3rd Focus Group Discussion on the Legal Capacity of Persons with Disabilities

UP IHR conducts a 3rd Focus Group Discussion (FGD) on the Legal Capacity of Persons with Disabilities

Following two successful Focus Group Discussions (FGD), the UP Law Center Institute of Human Rights (UP IHR) organized the third and last FGD on 6 December 2023 as part of its research project titled “A Research on the Legal Capacity of Persons with Disabilities.” The third session, attended by medical professionals and representatives from the education sector, built on the key insights shared in the previous FGDs. Notably, the medical professionals hailed from the University of the Philippines College of Medicine, Adventist University, and the University of the Philippines Diliman Psychological Services. It was also joined by representatives from the Department of Education (DepEd) and the Technical Education and Skills Development Authority (TESDA).

UP IHR’s Officer-in-Charge Atty. Daniel D. Lising, M.D. delivered the opening remarks, highlighting the importance of legal instruments in ensuring that the rights of persons with disabilities are safeguarded and upheld. UP IHR’s Law Reform Specialist and Project Head Atty. Glenda T. Litong then provided a brief overview of the project by reiterating the Philippines’ commitment to recognizing the full legal capacity of persons with disabilities as a state party to the United Nations Convention on Persons with Disabilities (UNCRPD).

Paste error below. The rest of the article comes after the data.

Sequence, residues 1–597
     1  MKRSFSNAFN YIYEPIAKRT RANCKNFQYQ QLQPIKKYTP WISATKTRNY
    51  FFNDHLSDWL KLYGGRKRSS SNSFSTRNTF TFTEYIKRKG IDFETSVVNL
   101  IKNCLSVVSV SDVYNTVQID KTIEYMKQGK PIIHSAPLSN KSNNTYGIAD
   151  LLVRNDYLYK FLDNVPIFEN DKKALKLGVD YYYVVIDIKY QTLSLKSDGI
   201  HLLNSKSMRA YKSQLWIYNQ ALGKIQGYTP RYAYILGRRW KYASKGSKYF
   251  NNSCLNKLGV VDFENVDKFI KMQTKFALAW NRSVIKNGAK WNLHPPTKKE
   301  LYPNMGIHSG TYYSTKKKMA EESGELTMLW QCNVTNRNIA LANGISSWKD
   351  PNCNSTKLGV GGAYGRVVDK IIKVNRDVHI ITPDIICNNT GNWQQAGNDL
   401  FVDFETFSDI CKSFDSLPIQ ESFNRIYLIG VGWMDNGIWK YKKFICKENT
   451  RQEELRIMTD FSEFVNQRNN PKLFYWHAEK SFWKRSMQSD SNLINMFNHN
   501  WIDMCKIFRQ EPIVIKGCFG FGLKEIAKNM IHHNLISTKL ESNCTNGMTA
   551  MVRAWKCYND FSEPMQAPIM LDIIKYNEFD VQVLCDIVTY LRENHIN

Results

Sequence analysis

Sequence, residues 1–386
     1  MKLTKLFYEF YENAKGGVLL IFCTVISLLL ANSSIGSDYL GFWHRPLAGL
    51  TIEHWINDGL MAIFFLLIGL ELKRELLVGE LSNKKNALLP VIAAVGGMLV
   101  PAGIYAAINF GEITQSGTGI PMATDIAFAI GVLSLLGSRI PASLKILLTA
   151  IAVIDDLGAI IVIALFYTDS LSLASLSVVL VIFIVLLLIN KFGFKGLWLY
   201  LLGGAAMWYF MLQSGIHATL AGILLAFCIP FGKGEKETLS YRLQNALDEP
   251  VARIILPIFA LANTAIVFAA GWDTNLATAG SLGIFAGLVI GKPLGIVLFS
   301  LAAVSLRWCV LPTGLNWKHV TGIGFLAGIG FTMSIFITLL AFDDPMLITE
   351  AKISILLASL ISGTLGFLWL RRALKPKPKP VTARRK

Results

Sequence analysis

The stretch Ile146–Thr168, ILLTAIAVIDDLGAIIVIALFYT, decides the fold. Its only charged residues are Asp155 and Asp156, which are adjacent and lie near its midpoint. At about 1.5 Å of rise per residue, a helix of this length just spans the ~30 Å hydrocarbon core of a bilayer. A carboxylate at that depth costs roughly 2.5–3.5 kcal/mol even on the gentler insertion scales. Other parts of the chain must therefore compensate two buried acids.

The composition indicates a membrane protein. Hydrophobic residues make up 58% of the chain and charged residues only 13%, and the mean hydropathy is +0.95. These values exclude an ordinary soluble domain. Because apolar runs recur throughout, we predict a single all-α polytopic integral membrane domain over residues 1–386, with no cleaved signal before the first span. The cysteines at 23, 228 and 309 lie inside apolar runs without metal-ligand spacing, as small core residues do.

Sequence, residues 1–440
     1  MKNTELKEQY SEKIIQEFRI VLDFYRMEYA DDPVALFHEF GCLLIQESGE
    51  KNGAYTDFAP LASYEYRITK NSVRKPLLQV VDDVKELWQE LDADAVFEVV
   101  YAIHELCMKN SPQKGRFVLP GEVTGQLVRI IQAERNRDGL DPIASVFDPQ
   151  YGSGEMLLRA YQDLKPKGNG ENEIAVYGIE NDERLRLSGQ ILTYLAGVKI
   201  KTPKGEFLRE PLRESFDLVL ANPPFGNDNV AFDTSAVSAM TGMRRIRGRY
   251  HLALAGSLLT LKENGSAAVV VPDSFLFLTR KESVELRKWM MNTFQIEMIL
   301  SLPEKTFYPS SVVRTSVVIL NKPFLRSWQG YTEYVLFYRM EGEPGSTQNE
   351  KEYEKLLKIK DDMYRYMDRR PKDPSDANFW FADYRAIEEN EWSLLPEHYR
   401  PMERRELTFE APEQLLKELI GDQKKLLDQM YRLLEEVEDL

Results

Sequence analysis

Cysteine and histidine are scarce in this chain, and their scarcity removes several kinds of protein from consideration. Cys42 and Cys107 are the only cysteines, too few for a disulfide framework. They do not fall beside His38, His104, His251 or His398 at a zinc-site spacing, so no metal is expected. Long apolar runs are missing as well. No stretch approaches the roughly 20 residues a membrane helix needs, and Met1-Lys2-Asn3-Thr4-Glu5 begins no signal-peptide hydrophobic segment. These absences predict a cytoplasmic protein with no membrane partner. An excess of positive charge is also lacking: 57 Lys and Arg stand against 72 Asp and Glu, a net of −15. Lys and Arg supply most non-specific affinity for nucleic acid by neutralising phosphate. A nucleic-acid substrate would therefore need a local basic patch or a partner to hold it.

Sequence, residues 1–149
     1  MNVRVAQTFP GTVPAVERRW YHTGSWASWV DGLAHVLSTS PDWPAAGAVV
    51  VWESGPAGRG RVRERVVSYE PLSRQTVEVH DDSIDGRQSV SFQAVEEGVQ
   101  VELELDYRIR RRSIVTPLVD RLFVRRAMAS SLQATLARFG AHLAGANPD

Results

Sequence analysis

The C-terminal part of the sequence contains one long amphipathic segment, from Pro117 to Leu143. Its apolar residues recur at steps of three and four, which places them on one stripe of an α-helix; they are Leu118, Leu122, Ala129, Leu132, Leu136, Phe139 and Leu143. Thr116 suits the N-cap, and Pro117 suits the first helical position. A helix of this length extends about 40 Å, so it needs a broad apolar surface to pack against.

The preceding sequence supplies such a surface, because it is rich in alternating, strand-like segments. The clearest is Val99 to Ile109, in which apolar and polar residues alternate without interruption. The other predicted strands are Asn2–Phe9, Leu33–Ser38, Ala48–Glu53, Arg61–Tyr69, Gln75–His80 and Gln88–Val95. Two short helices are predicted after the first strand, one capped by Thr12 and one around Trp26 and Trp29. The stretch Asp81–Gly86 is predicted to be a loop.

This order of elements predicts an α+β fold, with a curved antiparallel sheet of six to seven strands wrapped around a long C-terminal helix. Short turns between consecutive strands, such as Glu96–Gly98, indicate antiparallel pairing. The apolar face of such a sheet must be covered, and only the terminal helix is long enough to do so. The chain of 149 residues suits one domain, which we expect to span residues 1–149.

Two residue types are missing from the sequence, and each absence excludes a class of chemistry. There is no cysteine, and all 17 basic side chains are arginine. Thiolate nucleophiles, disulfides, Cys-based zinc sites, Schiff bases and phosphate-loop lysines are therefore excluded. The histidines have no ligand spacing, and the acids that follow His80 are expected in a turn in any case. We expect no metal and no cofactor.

The FGD comprised three groups: two groups included medical professionals, while one group consisted of representatives from the education sector. Its primary focus was on viewing the legal problem of legal capacity from medical, psychological, and educational viewpoints. The discussions were facilitated by UP IHR’s Atty. James Gregory Villasis, UP IHR’s Atty. Litong, and UP Law Center Training and Convention Division’s (UP TCD) Atty. Kristine Eugenio.

Medical professionals highlighted the issues of accessibility in low-income areas, human resource constraints, and stigma in obtaining support for persons with disabilities. On the other hand, representatives from the education sector illustrated the lack of administrative support in educational institutions and weak implementation of existing programs. Representatives explained that Philippine education generally fails to integrate essential features of inclusive education. Thus, while efforts are exhausted to build better educational structures, learning modes, and facilities for persons with disabilities, there is a need to establish new standards of inclusion to uphold the rights of persons with disabilities.

  • Post category:News
  • Post last modified:January 3, 2024